Multiple Credit Scores
Many consumers do not understand why they have three different credit scores and the purpose of having three different credit scores. There are three major credit bureaus: Transunion, Experian, and Equifax. Each one of the three giant credit bureaus have their own way of calculating a consumer’s credit score and each consumer will have a different credit score from each of the three credit reporting agencies. Mortgage lenders use the middle scores of a mortgage loan applicant when it comes to qualifying for a mortgage loan application. For example, say your Transunion credit score is 600, your Experian is 650, and your Equifax is 700. The middle score is 650 so the mortgage lender will use the 650 credit score as your credit score. Some commercial mortgage lenders will choose which credit bureau they will use. For example, there are mortgage lenders that will just use Equifax and whatever your Equifax credit score is, that will be the credit score they will use. Some auto lenders will only use Transunion and so will credit card companies. It is up to your creditor which credit score they will go by in evaluating your credit.
How Do Credit Bureaus Evaluate Your Credit Scores
Each of the three credit reporting agencies uses a different way of deriving your credit scores. Equifax is the only credit reporting agency that sells the FICO credit scores to consumers. Equifax suses the BEACON terminology to refer to the credit scores sold to other businesses. The Equifax credit score ranges from a low of 350 to a high of 850. Experian and Transunion has their own credit scores that is based on the FICO credit scoring system. The Experian credit scoring model is known as Experian-Fair Issac Risk Model or PLUS and their low score is 330 and highest score is 830.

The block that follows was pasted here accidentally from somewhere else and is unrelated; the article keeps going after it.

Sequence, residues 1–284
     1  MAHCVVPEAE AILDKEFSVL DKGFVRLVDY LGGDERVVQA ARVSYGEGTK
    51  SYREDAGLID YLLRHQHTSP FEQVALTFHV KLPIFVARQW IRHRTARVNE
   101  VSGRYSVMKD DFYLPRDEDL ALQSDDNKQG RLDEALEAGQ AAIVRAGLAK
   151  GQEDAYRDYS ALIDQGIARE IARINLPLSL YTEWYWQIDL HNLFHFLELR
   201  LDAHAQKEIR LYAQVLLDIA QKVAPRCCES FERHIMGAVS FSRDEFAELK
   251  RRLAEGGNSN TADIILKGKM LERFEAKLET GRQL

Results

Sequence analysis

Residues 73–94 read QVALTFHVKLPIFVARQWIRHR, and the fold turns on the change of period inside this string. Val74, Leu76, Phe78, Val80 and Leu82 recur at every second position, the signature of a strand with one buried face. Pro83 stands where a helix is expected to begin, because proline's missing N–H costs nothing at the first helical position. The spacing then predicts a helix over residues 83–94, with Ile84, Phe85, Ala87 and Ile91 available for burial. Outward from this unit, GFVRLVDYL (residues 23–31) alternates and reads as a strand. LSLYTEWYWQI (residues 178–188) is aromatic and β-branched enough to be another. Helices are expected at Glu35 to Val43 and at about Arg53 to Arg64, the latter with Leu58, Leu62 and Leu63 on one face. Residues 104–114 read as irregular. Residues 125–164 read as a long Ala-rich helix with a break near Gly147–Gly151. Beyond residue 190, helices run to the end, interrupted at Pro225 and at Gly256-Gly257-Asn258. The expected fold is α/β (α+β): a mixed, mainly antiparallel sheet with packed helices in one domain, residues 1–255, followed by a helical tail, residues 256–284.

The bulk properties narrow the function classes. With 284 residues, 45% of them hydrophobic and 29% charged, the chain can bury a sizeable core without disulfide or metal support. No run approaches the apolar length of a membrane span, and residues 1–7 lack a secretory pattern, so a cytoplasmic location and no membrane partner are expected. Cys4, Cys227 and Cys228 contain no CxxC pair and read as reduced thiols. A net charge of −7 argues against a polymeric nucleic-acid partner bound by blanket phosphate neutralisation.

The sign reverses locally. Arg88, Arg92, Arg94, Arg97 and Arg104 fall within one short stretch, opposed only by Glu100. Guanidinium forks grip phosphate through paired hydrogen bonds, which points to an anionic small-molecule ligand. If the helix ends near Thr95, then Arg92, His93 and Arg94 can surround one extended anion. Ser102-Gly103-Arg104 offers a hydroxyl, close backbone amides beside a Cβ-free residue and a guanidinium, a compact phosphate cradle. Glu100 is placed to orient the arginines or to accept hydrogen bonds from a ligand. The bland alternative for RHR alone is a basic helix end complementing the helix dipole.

The Transunion credit scoring model is known as EMPIRICA and the low score for Transunion is 300 and their highest score is 830.
Both Experian and TransUnion developed their own credit score calculations based on the FICO scoring model.
Credit Bureaus: How Do They Work?
Each of the three giant credit reporting agencies collect data from consumers independently of one another and they normally share their datas among each other. Many creditors report their results to all three credit bureaus, however, not all creditors report them to all three. Some creditors only report to one or two out of the three credit bureaus. For example, if ABC Bank reports a late payment to Transunion and Experian but not Equifax, your Equifax credit report may be higher because the late payment from ABC Bank is not being reported to Equifax.